“Their plans were overheard. Stand forward, Tamar Kir-Bataar. Speak the truth you’ve discovered.”
Tamar bowed deeply. “The Grisha and the tracker planned to drug you and take you to the surface.”
“I want to return to the surface.”
“The blasting powders would have been used to ensure that no one followed,” she continued, “to bring down the caverns on the Apparat and your flock.”
“Hundreds of innocent people? Mal would never do that. None of them would.” Not even Zoya, that wretch. “And it doesn’t make any sense. Just how were they supposed to drug me?”
Tamar nodded to Genya and the tea that sat beside us.
“I drink that tea myself,” Genya snapped. “It isn’t laced with anything.”
“She is an accomplished poisoner and liar,” Tamar replied coldly. “She has betrayed you to the Darkling before.”
Genya’s fingers clenched around her shawl. We both knew there was truth in the charge. I felt an unwelcome prickle of suspicion.
“You trust her,” Tamar said. There was something strange in her voice. She sounded less like she was issuing an accusation than a command.
“They were only waiting to stockpile enough blasting powder,” said the Apparat. “Then they intended to strike, to take you aboveground and give you up to the Darkling.”
I shook my head. “You really expect me to believe that Mal would hand me over to the Darkling?”
“He was a dupe,” said Tolya quietly. “He was so desperate to free you that he became their pawn.”
I glanced at Mal. I couldn’t read his expression. The first real sliver of doubt entered me. I’d never trusted Zoya, and how well did I really know Nadia? Genya—Genya had suffered so much at the Darkling’s hand, but their ties ran deep. Cold sweat broke out on my neck, and I felt panic pull at me, fraying my thoughts.
“Plots within plots,” hissed the Apparat. “You have a soft heart, and it has betrayed you.”
“No,” I said. “None of this makes sense.”
“They are spies and deceivers!”
I pressed my fingers to my temples. “Where are my other Grisha?”
“They have been contained until they can be properly questioned.”
“Tell me they are unharmed.”
“See this concern for those who would wrong her?” he asked of the Priestguards. He’s enjoying this, I realized. He’s been waiting for it. “This is what marks her kindness, her generosity.” His gaze locked on mine. “There are some injuries, but the traitors will have the best of care. You need only say the word.”
The warning was clear, and finally I understood. Whether the Grisha plot was real or some subterfuge invented by the priest, this was the moment he had been hoping for, the chance to make my isolation complete. No more visits to the Kettle with Genya, no more stolen conversation with David. The priest would use this chance to separate me from anyone whose loyalties were tied more tightly to me than his cause. And I was too weak to stop him.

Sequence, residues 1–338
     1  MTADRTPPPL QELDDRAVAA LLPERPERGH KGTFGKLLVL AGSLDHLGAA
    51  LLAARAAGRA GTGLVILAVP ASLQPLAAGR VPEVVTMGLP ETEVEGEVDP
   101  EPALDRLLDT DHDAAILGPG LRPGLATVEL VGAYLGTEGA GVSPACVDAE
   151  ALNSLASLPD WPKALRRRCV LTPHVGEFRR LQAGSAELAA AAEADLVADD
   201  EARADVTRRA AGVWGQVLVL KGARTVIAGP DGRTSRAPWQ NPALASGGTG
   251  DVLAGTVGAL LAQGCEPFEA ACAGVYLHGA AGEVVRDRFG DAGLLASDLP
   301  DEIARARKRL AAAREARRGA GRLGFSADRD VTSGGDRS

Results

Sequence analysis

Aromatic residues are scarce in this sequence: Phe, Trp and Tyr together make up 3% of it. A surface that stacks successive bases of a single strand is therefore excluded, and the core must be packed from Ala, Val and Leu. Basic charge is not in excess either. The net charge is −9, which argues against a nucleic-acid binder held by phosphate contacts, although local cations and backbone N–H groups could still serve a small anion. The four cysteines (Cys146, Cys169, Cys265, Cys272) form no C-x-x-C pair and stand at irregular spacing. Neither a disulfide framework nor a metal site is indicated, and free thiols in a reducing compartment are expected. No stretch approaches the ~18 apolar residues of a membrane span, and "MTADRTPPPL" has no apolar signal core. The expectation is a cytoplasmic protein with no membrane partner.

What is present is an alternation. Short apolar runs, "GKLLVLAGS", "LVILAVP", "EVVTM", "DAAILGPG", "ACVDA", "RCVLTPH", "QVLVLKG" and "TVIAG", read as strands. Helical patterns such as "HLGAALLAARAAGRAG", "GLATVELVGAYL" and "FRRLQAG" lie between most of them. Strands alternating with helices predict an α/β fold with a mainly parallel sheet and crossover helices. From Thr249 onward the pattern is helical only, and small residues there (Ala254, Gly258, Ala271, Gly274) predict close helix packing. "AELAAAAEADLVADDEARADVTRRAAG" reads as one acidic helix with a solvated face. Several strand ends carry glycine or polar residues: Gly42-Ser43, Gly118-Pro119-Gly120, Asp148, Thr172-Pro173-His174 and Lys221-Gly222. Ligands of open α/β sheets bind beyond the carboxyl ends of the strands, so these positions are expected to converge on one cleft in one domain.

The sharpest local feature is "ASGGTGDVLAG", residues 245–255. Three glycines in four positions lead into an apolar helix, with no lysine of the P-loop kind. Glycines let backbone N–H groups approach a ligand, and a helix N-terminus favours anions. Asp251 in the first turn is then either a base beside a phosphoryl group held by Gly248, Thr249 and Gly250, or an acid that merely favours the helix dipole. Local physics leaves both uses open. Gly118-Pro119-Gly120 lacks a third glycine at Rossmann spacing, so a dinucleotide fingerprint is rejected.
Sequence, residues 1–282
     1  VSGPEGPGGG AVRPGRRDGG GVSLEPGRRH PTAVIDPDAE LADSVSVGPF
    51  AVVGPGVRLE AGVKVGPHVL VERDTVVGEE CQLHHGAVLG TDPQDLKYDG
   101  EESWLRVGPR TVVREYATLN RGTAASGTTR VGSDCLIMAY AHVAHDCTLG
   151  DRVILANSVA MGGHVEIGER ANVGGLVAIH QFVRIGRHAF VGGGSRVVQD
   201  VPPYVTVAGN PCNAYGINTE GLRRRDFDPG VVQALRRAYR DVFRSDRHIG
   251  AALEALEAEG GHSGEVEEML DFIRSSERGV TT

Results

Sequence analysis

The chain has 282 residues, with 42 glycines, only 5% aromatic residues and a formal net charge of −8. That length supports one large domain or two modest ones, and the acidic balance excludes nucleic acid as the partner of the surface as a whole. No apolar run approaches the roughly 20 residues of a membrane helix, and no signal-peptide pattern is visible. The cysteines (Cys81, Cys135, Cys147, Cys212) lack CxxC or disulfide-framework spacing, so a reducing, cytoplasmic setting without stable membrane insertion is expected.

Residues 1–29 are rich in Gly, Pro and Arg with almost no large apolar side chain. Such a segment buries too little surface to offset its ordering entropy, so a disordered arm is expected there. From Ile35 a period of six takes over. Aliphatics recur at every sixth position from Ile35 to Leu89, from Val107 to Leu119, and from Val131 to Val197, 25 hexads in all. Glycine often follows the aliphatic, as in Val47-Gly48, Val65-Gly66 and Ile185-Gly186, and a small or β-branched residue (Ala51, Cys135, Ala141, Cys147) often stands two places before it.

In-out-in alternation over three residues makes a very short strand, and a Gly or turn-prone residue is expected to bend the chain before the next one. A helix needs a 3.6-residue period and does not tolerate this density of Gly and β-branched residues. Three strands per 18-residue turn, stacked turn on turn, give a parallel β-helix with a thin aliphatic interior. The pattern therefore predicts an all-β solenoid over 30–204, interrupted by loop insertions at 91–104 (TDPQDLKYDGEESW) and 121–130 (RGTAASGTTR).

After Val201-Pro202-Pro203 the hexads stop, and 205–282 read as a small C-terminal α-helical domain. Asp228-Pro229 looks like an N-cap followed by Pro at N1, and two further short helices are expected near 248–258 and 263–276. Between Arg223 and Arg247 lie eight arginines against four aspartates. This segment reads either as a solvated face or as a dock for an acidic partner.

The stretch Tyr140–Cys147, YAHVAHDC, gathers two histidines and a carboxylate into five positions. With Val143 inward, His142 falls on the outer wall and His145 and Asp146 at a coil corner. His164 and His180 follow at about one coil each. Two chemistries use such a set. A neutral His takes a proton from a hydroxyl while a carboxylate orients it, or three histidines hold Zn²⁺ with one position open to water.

But was Tamar telling the truth? Were these allies really enemies? Nadia hung her head. Zoya kept her chin lifted, her blue eyes bright with challenge. It was easy to believe that either or both of them might turn against me, might seek the Darkling out and offer me as a gift with some hope of clemency. And David had helped to place the collar around my neck.
Could Mal have been tricked into helping them betray me? He didn’t look frightened or concerned—he looked the way he had at Keramzin when he was about to do something that got us both in trouble. His face was bruised, but I noticed he was standing straighter. And then he glanced up, almost as if he were casting his eyes heavenward, as if he were praying. I knew better. Mal had never been the religious sort. He was looking at the master flue.
Plots within plots. David’s nervousness. Tamar’s words. You trust her.
“Release them,” I commanded.
The Apparat shook his head, his expression full of sorrow. “Our Saint is being weakened by those who claim to love her. See how frail she is, how sickly. This is the corruption of their influence.” A few of the Priestguards nodded, and I saw that strange fanatical light in their eyes. “She is a Saint, but also a young girl governed by emotion. She does not understand the forces at work here.”
“I understand that you have lost your way, priest.”
The Apparat gave me that pitying, indulgent smile. “You are ill, Sankta Alina. Not in your right mind. You do not know friend from foe.”
Goes with the territory, I thought bleakly. I took a deep breath. This was the moment to choose. I had to believe in someone, and it wasn’t the Apparat, a man who had betrayed his King, then betrayed the Darkling, who I knew would gladly orchestrate my martyrdom if it served his purpose.